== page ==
The RSPCA warned Defra of the danger of 'cloned meat' entering the UK food chain as early as March 2008, The Grocer can exclusively ­reveal.

Last week, the Food Standards Agency confirmed meat from the ­offspring of a cloned ­animal had entered the UK food chain. It followed claims in the International Herald Tribune the previous week that milk from the offspring of cloned animals was being produced in the UK.

It has since transpired that the RSPCA wrote to Lord Rooker a Defra minister at the time on 20 March 2008, highlighting the inadequacies of the ­current regime for clone imports. The letter pointed out that records of embryos and semen imported into the UK did not include whether they had been cloned, or whether they were from cloned animals.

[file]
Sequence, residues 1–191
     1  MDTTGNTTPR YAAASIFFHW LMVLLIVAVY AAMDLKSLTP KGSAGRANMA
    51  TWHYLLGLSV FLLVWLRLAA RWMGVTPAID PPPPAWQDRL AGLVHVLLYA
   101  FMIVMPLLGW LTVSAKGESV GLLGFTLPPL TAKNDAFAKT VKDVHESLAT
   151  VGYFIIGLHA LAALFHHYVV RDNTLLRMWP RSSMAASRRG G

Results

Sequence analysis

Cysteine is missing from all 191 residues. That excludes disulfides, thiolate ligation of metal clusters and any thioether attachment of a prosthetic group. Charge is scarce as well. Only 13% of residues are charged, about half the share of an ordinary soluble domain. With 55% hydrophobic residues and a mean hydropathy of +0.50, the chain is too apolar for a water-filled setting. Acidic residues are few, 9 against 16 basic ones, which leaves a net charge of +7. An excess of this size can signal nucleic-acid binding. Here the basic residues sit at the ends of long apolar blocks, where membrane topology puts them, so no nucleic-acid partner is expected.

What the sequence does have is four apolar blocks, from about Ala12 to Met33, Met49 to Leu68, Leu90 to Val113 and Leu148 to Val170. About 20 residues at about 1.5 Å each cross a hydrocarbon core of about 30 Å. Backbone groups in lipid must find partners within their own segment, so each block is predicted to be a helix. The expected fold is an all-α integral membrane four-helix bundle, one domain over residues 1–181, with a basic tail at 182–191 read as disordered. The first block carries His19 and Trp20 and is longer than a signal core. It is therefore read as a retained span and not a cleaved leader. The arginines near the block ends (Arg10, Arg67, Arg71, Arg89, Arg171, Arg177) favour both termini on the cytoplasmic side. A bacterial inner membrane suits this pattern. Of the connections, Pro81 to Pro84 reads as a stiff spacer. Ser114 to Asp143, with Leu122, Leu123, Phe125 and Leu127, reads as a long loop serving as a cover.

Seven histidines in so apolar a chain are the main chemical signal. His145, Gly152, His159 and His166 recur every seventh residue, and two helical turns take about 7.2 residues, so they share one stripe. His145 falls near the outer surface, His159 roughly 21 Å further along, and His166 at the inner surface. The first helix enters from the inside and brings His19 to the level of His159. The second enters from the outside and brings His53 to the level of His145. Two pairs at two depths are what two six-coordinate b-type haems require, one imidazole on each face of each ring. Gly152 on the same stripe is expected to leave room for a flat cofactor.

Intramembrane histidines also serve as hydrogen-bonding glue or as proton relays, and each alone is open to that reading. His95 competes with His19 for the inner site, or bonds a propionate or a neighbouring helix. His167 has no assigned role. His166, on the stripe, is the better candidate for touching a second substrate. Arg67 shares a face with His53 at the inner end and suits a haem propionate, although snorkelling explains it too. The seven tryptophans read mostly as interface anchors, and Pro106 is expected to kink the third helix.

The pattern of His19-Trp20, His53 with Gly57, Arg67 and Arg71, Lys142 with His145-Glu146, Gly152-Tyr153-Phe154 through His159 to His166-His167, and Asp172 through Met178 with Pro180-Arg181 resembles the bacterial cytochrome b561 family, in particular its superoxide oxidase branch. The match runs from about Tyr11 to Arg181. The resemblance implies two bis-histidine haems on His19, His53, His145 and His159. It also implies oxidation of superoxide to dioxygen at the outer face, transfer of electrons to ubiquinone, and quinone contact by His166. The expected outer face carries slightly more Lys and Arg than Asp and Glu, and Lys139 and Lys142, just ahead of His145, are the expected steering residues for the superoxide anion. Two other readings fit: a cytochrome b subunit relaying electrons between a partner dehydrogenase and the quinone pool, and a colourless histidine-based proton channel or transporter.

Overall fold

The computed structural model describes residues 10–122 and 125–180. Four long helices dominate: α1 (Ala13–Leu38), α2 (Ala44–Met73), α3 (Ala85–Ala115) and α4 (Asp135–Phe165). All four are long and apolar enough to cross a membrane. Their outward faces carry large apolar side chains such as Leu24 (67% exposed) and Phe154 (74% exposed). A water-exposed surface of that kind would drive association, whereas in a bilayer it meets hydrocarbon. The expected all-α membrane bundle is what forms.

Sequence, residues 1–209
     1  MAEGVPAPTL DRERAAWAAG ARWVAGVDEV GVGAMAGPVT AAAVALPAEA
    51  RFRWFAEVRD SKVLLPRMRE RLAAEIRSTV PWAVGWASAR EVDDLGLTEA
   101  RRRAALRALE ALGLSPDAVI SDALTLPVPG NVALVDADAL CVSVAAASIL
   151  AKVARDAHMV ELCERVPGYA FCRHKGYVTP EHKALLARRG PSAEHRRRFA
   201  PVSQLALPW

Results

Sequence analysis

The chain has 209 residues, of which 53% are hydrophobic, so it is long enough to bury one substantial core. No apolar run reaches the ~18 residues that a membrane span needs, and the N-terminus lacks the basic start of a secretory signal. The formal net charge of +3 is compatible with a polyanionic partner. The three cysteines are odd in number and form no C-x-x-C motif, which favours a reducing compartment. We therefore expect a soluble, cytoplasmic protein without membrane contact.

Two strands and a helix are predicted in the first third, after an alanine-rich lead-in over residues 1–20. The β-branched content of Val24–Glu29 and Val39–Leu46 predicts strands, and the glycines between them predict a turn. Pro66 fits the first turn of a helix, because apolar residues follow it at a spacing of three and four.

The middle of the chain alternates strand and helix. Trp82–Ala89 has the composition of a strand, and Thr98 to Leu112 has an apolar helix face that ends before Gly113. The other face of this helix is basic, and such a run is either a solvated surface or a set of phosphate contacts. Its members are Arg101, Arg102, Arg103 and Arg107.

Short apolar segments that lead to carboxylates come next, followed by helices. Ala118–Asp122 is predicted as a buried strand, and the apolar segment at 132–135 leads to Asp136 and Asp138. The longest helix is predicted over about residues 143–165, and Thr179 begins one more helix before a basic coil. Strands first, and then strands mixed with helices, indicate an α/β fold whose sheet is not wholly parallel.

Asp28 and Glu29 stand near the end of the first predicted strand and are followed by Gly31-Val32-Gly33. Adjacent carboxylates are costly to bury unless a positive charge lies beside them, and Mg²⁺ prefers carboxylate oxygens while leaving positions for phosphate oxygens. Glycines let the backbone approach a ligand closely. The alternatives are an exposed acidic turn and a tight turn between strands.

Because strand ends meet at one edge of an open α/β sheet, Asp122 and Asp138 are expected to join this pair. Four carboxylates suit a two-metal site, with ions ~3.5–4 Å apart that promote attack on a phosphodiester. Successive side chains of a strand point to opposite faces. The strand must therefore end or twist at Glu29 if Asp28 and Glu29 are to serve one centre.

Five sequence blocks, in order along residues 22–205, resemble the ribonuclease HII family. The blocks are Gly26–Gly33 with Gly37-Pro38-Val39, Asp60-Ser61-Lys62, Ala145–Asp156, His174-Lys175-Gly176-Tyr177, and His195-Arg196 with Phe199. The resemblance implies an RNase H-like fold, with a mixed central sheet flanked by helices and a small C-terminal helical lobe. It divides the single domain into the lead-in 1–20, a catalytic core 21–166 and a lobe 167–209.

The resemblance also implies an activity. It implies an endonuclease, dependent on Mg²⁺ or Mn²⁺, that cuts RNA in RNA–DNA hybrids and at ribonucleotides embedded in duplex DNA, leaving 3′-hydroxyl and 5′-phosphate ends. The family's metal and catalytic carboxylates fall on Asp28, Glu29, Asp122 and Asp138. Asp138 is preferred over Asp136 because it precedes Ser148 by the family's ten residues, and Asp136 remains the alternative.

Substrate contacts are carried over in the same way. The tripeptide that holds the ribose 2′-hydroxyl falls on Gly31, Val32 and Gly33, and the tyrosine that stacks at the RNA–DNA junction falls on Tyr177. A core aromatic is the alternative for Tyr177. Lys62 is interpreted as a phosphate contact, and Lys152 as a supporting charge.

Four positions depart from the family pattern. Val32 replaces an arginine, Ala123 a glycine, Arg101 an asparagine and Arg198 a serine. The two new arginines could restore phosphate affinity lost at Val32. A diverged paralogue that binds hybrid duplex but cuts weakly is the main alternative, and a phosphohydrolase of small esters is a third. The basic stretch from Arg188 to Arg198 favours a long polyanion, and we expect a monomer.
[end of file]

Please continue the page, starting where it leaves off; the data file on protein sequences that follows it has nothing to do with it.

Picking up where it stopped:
"Unless this information is recorded, it is our belief that it will not be possible to trace the existence of cloned animals, or their offspring within the UK," the RSPCA said in the letter.

"It will therefore not be possible to monitor their health and welfare, or to ensure that any products derived from them do not enter the food chain without prior approval and ­applicable labelling."

In response to the letter, the charity claims it was told by Defra that the ­system in place for tracing cloned animals or their ­offspring relied upon food producers applying via the novel foods process.

"It's fairly ironic that, two and a half years later, its premise that 'if nobody's told us, nothing's happening' is not correct," said David Bowles, director of communications for the RSPCA.

A Defra spokeswoman said it was working with the FSA to "learn the lessons of this incident, including whether we need to improve advice and support to farmers in a complex area of regulation".

As The Grocer went to press, the FSA confirmed that veal from the progeny of a clone offspring had also entered the food chain.